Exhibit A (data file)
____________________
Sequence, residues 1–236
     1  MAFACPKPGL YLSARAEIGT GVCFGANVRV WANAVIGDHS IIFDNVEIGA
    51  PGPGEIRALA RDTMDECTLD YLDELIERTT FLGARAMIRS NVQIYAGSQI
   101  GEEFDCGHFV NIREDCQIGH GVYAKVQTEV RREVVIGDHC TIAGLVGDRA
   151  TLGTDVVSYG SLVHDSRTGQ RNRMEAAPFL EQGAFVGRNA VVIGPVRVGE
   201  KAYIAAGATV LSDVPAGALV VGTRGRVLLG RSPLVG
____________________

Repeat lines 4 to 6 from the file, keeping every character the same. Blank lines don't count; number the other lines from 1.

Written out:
   101  GEEFDCGHFV NIREDCQIGH GVYAKVQTEV RREVVIGDHC TIAGLVGDRA
   151  TLGTDVVSYG SLVHDSRTGQ RNRMEAAPFL EQGAFVGRNA VVIGPVRVGE
   201  KAYIAAGATV LSDVPAGALV VGTRGRVLLG RSPLVG